Some of the biggest changes in employment law in the last couple of years have been a response to the shifting nature of the modern workforce, while other high profile areas involve decades-old legislation being applied more frequently.
Tony Hadden, partner at Brodies, reports that last year’s removal of employment tribunal fees, introduced by the Government in 2013, continues to result in a significant number of claims.
He says: “The numbers of cases have increased in the last year by more than 100 per cent. And although that still does not get us back to where we were before fees were introduced, it does mean that there is more risk for organisations not dealing with people properly.”
“It colours everything to do with HR in the UK, and we’ve seen a significant increase in the size of the work.”
James Cran, legal director at Pinsent Masons, believes that these increases will begin to level off however. “Quite a lot of companies have been through restructuring as a result of the financial crisis so it might be that they are now better at going through redundancy processes. There also seems to be the start of less of an appetite amongst former employees to bring standard unfair dismissal claims.”
Cran says that the way companies record and store data was another area which saw significant change after the general data protection regulation (GDPR) came into force in May.
Cran says: “GDPR caused a huge drive in preparing for it. Big clients who had specialist teams to tackle hard compliance were in a good position but there were dangers for smaller companies who want to do a criminal record check for instance, who might not understand the finer points of the legislation.”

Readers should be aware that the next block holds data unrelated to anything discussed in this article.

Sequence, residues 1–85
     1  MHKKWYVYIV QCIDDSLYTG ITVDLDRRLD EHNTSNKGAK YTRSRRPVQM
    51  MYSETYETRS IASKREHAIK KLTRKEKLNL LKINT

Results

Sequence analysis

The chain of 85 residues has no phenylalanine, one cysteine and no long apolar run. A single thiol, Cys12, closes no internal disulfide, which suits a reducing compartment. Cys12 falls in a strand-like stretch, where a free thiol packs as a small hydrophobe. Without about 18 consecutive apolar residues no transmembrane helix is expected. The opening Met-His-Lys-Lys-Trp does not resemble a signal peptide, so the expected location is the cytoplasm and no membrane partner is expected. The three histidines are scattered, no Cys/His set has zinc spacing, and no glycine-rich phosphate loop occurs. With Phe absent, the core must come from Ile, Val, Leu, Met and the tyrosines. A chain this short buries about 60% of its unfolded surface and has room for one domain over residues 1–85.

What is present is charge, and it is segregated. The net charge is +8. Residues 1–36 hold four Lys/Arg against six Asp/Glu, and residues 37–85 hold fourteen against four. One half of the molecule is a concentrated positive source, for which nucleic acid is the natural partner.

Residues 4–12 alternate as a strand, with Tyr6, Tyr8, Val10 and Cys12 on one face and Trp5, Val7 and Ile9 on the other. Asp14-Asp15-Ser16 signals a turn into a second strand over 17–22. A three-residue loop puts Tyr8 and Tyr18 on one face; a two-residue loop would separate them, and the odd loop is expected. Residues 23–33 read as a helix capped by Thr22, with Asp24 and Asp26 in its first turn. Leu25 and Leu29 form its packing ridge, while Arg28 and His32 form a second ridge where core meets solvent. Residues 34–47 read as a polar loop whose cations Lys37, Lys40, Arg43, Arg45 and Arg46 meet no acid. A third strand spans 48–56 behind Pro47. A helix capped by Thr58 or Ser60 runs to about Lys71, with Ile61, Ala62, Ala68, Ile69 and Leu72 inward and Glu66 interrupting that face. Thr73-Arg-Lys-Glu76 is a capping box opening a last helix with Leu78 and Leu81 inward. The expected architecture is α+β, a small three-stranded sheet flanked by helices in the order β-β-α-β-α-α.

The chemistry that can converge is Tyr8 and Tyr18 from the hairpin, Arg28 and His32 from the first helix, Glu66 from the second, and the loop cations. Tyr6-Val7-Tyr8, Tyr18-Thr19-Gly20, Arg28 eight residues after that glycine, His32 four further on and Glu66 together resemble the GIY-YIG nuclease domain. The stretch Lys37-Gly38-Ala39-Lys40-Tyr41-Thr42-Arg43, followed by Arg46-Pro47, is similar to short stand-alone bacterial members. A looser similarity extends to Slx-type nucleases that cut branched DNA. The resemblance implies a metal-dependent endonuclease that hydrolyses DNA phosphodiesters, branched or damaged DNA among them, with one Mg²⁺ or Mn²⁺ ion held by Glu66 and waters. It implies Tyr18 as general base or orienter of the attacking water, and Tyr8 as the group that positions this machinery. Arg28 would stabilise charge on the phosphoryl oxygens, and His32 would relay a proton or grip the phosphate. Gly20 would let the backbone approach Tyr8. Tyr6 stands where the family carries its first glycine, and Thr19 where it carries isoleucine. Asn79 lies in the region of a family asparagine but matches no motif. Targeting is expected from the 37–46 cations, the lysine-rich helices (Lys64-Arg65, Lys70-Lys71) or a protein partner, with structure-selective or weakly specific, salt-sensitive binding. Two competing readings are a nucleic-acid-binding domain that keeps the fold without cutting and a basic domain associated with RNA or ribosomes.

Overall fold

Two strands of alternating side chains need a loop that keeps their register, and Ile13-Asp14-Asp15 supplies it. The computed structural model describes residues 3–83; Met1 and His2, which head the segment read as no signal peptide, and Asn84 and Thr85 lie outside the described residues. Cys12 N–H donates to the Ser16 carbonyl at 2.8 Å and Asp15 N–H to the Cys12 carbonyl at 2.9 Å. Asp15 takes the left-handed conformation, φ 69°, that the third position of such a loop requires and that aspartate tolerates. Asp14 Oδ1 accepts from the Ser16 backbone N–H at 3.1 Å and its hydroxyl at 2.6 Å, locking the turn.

He warns: “One thing to keep an eye on in this area, particularly for large organisations, is no-win, no-fee law firms looking to people making mistakes. It is yet another impetus to ensure compliance as the fines can be costly.”
Hadden says: “One of the big changes for employment lawyers is that the way in which employers were previously reporting data was using a concept of consent in the contract.
“You can’t do that anymore and so we spent a lot of time with clients developing privacy notices for employees and others such as contractors, potential applicants for work and people who provide references for instance.”
Gender pay gap reporting, which requires employers with 250 or more employees to publish statutory calculations showing how large the pay gap is between their male and female employees, also came into force last year and Hadden says: “We helped clients with calculations, analysing data and identifying which information should be included.”
Questions of employment status in a gig economy are more recent areas of focus. Cran says: “The government two years ago introduced a change in the taxation of contractors, who work for themselves but provide services into the public sector.
“The question is how you define status between an employee who pays PAYE and has employer national insurance contributions and the fully self employed.
“The Chancellor plans to introduce an obligation on all businesses to consider whether people they are engaging as non-employees should actually be classed as employees, so the recategorising and re-documenting will be a key area of work.”
In relation to Brexit Hadden says: “It is still a case of wait and see as there is a possibility that there may be a dislocated immigration policy because Scotland’s needs are different from those of central London for example.
“I think the solution will be industry specific, such as the seasonal agricultural workers scheme, and we might see similar programmes for Scottish hospitality or food and drink to alleviate the worst pressure points.”
Cran agrees but says: “The government has said explicitly that there is no plan to change employment protection laws but whether that view would survive a hard Brexit is another matter, but it would be part of a long list of very significant issues.”